The chapel did not seem like a bad idea – it was clean, they had a garden and it wasn’t that far away from most of the cool places. And of course, buses, trams and auto rickshaws were stopping by the chapel. I spent a week in this place, where I met interesting and weird people. How do you define weirdness? And who really is weird?
It spent a nice and interesting shared time with others, but I had trouble applying for a new visa in Kolkata. I got some information advising it was much easier to get it from Delhi.
I couldn’t spend more time hanging out in Kolkata knowing this wasn’t the place to get a visa for Bangladesh, so I booked a train for New Delhi and was on a 17 hour journey across North-Eastern India. The train was quite nice but the price of the travel including the food and water was a joke. You wouldn’t even get 2 meals in a European restaurant for the same price.
The plan was to spend the night on the train and arrive in New Delhi in the morning… next thing I know, I woke up on the train, supposedly thirty minutes away from our arrival, and the first thing I could hear was someone speaking in English saying we had been delayed. Nothing serious, only ten hours!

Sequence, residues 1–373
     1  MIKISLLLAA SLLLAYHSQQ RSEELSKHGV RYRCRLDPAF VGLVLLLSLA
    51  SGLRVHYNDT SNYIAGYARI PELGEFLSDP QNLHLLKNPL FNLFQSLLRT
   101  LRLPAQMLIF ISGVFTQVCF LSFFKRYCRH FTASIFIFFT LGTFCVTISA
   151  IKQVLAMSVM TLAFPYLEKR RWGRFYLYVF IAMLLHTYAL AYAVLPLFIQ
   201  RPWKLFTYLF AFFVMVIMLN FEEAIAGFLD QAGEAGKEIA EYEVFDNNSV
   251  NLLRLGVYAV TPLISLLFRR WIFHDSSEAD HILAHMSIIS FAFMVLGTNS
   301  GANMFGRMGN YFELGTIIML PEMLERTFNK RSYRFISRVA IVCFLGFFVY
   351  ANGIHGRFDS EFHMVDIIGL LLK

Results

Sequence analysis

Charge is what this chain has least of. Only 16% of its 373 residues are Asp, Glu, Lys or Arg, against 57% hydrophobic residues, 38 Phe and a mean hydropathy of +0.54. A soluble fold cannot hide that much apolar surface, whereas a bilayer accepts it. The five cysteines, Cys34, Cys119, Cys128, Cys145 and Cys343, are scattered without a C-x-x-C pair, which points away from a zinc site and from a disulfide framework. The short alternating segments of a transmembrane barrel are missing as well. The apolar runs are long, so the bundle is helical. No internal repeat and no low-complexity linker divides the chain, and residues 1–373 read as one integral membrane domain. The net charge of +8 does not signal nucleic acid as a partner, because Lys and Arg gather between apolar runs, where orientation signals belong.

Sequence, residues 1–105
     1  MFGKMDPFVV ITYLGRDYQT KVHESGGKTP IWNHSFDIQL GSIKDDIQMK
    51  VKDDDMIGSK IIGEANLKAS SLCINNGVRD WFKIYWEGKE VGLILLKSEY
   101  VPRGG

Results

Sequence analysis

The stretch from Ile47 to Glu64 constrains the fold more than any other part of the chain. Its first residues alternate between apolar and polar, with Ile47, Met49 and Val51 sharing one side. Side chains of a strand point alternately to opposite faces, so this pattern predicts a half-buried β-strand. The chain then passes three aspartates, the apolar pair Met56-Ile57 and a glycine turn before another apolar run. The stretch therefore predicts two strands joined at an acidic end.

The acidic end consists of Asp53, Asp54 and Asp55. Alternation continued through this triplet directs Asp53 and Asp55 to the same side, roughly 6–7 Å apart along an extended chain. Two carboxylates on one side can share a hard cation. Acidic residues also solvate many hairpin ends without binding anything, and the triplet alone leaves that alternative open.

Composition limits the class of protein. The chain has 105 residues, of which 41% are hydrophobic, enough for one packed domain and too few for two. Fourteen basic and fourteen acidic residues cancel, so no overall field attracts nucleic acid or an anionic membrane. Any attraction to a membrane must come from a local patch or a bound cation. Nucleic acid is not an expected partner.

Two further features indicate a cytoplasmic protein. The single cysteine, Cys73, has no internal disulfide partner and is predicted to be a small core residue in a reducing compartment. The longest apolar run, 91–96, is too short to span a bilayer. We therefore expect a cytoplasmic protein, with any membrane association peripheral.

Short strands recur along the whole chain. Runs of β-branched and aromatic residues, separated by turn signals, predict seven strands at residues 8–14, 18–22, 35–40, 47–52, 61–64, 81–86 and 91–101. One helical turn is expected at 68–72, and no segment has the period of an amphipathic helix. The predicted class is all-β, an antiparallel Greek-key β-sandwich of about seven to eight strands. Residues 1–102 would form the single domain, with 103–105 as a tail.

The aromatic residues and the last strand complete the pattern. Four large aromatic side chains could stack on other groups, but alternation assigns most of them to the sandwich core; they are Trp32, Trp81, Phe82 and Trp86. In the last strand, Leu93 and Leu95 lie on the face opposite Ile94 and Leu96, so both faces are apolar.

It’s India; you have to be very relaxed. I mean if a cow has decided to sleep on the rails, no one is going to touch it since it’s a holy animal. You just have to wait for the animal to move on!
This time, the good news was… I had booked a hotel in advance.
When I reached New Delhi I quickly understood the city had been wrongly named. It should have been called Scam-city since everyone seemed to be trying to rip you off. Despite this problem, the city is quite nice and I met some really interesting people; exploring the old Delhi was very nice. I applied for my new visa and during the processing time I decided to visit the Taj Mahal. Very touristy. It was interesting going on a cheap tourist bus (the one for tourists from India, not Europeans). Again, I was the only white person. I found it quite fun this way… just exploring, getting lost without marks.
When I got back to Delhi, I got to the embassy of Bangladesh to collect my passport. Denied of my multiple entry 6 months visa, I asked politely for a 2 single entry 2 months visa so I could go and get the stuff I left back in Bangladesh and visit the places I hadn’t been to yet.
A week and half later, I was back on board the Maîtree-express, departing from Kolkata to Dhaka. My bag was filled with 3 litres of Old Monk Rum hidden in two 1.5 litres coke bottles, ready to re enter Bangladesh. The Muslim country I left a few weeks ago where alcohol is not really permitted except at the duty free airport and the UN shop reserved only for the diplomats… I was ready for some new adventures, riding the bumpy road of a fun life full of memories.
The best part of it… it’s free!